Absolute Radio’s content director Paul Sylvester told us what he wished he’d known about the world of work (and life in general) when he was 22…
When I was 22…
I’d just left university which was, without question, the greatest three years of my life. I made my true friends and I developed an obsessive passion for radio. I didn’t do a media degree but you shouldn’t let a lack of qualifications stop you doing anything. I was knocked back by every post-grad radio journalism course in the land and I thought that was it!
I volunteered in hospital radio and, as it happened, one of my fellow volunteers was also the news editor of my local radio station. In the end, I busked my way into a junior reporter job at Lincs FM. Making contacts and living life is more important than writing essays. Yes, I was back home, but I was doing what I wanted to do and I knew (well, hoped) that the rest would come with time. Guess what? It kinda did… I was earning terrible money and getting up at 3:30am, but I just wanted to shout out loud “I’m on the bloody radio”.
There were things in my life I’d not yet reconciled and decisions I’d not made, but that’s fine too. Don’t rush into the big stuff and don’t worry about the lives or careers of those around you. You shouldn’t compete, it’ll kill you. I was amazed when I saw friends with three and five year plans. If I’d done that, God knows where I would be. Don’t be a slave to a plan, if stuff doesn’t work then change it and don’t be bound to an Excel spreadsheet which is sloppily blu-tacked to a kitchen wall.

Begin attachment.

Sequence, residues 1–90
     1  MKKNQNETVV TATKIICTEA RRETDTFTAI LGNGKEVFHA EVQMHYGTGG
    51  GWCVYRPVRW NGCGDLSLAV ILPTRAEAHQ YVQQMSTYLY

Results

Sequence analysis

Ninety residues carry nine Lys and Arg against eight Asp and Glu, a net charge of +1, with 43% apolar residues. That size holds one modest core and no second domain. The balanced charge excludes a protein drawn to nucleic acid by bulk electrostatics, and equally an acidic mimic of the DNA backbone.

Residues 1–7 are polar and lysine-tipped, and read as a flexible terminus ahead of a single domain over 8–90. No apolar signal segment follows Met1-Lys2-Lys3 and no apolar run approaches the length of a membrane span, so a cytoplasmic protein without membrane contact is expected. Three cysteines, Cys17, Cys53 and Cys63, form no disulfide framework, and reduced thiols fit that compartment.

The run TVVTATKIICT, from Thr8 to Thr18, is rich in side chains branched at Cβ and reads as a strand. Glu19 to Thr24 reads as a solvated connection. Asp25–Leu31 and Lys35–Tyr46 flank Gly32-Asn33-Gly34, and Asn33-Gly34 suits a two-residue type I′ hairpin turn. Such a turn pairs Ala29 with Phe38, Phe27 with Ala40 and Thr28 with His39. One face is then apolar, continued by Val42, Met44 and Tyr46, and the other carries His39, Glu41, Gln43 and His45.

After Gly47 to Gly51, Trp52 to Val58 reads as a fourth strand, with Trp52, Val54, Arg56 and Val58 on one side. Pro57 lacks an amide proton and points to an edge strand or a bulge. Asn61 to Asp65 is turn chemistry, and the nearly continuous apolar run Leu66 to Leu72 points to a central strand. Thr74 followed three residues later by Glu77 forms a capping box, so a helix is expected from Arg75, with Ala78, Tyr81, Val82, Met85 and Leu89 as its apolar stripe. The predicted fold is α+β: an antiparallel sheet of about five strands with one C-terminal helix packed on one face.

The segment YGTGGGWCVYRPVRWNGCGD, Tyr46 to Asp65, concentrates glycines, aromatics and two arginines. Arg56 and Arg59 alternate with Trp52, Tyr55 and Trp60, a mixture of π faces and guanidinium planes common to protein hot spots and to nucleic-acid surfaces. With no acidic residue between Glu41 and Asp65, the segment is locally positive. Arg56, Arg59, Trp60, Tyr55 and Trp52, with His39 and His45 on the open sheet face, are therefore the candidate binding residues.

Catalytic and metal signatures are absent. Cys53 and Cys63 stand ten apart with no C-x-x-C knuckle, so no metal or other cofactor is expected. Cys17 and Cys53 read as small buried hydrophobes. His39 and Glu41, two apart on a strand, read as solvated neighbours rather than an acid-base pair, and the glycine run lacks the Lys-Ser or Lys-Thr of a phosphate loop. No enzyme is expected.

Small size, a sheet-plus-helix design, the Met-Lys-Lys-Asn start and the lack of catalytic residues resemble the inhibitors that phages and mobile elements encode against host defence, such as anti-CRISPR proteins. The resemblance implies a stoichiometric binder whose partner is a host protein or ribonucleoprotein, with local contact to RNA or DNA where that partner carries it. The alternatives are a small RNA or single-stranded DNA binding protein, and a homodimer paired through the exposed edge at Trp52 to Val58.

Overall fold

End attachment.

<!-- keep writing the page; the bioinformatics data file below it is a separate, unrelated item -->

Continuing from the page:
Remember to stop
If things get tough, don’t be afraid to stop for a minute, withdraw and re-group. There’s nothing wrong with admitting that you ‘can’t cope right now’ and asking for help or leaning on others. Not enough people do this, and that’s why depression and suicide are so prevalent in young men. It can affect all of us whether you’re a bin-man or a broadcaster and it can feel easier in the short-term to carry on regardless – but please don’t.
The more people who come to me looking for career advice, the more I find myself saying “do what’s right for you right now, because at the end of the day, you’re the only person who has to spend 24 hours a day in your skin”. If you can go to bed at night and think that you’ve been the best person that you can be, then screw everyone else.
After five years at Lincs FM, our news team was nominated for an award which we didn’t win. But, I used the opportunity to get in touch with the other losing news team and cheekily said “if you put me in your news team, we’ll win this next year” (trust me I still feel like vomiting when I think about it). It worked and within four months I was packing up and moving to London, starting an adventure which has led me to where I am today.
You should never take advice from just one person, so I decided to consult my eclectic, beautifully random and much-cherished friends on what advice they would give their 22-year-old selves. Here are just a few of the responses I received:
1) Worry less because, chances are, nobody even noticed.
2) Take risks – it’s better to have a life of ‘oh well’ than ‘what if’.
And I’ll leave the last word to my fabulous Mum…
3) Never eat or wear anything the colour of a highlighter pen.
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